The reverse was designed to be equal to first gear to accommodate heavy loads easily. When the 545RFE transmission was launched, it had the broadest range of gear ratios within its class. Even the factory where the transmission was made was also brand-new.
According to experts, the 545RFE comes with 2 overdrive gears. These are relatively close to each other due to the available size. The top 0.67:1 was probably chosen since that was the largest one that could easily fit without enlarging the transmission, making it too big for the organization’s automobiles.
To be clear, the following are the 545RFE gear ratios:
First gear – 3.00:1
Second gear – 1.67:1
Second gear (Prime) – 1.50:1
Third gear – 1.00:1
Fourth gear – 0.75:1
Fifth gear – 0.67:1
Reverse – 3.00:1
The capacity of the 545RFE transmission is 10.5-11 l, while the fluid type is Dexron 3-6 or MOPAR +4.
Some models with the ‘Tow/Haul’ mode were able to make faster shifts to cut wear on the 545RFE transmission. This considerably minimized the search for gear by holding the lower gears for extended periods. It was also possible to choose lower gears when traveling downhill to boost engine braking.
The computer-controlled 545RFE transmission comes in a burnished, one-piece die-cast aluminum casing. The casing was ribbed to increase torsional rigidity. Early transmission units took up to 6.6 quarters (6.2 liters) of ATF+3 fluid, while later versions took the same amount of ATF+4 fluid.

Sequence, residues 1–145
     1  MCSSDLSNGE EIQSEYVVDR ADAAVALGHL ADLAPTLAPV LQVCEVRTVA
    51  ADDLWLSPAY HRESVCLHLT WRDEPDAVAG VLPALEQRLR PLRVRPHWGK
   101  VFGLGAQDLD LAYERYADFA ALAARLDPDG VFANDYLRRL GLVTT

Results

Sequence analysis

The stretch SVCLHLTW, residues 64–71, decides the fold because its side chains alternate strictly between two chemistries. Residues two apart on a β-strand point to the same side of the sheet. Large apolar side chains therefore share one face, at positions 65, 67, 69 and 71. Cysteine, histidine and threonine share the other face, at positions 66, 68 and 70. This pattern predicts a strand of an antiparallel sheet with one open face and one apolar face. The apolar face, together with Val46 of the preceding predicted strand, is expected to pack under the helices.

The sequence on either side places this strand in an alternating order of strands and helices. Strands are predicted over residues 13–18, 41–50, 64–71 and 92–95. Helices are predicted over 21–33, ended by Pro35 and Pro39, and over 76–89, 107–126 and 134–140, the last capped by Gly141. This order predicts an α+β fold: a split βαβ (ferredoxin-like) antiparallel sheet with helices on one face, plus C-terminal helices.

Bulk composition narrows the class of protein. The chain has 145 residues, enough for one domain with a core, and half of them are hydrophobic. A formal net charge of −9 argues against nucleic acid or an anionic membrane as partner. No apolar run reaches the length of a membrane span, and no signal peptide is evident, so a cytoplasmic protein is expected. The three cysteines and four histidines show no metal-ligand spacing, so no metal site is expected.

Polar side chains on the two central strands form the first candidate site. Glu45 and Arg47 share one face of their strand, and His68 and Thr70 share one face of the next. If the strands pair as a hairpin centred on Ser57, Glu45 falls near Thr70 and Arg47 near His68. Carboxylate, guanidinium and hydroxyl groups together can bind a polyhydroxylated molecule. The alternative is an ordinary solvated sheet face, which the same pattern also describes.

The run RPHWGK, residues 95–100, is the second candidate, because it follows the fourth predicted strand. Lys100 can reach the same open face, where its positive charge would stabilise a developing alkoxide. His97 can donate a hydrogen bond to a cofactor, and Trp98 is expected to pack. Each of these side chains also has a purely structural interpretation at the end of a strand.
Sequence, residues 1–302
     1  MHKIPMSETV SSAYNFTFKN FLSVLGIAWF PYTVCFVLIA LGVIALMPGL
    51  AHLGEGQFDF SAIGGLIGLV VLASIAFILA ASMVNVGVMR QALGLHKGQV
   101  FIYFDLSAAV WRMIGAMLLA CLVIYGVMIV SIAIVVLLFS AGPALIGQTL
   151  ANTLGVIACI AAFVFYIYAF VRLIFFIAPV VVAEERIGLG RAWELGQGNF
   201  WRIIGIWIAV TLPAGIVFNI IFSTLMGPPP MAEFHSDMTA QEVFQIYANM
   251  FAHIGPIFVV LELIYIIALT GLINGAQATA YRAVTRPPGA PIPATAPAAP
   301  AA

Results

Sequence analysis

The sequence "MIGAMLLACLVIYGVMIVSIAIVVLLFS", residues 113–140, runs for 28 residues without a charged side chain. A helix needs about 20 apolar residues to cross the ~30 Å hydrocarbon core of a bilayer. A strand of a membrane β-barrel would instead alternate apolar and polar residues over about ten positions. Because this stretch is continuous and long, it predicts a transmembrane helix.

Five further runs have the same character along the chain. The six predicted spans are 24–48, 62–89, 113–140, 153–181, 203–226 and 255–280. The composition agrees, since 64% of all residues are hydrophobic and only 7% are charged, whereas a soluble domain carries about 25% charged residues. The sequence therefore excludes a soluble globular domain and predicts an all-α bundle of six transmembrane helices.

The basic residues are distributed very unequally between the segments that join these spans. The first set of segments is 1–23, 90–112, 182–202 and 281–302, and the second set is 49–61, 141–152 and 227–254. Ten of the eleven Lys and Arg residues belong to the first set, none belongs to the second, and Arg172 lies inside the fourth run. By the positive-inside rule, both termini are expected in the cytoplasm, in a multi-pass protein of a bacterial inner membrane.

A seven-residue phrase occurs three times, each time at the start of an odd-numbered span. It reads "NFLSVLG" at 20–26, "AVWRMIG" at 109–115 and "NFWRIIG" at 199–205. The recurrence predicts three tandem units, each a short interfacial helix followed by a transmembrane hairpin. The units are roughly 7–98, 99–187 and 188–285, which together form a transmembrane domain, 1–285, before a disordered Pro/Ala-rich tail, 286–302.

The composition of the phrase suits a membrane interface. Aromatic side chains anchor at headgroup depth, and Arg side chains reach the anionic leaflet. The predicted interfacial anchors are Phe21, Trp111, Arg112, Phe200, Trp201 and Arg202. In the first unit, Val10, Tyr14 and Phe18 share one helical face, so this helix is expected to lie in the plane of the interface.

The gear ratios were designed to provide reserve torque as the transmission was highly suitable for the large torque band of the VM 2.8 diesel, Hemi V8, 4.7 V8, and 3.7 V6.
However, in 2009, the computer was programmed so that drivers could easily select the highest gear the 545RFE transmission would shift to. This made it easier for vehicles with this transmission to tow other vehicles, climb hills, and descend without any issues.
Common Issues with the 545RFE transmission
Here are some of the common problems that the 545RFE transmission showcases:
Since the this transmission has zero transmission bands, the 545RFE – which is electronically controlled – relies heavily on a solenoid switch pack to efficiently direct fluid to the proper clutch pack for smooth gear engagement.
If something goes wrong and the solenoid pack becomes defective, there will be no gear engagement, failure to engage overdrive, stalling of the engine seamlessly, and ‘limp mode.’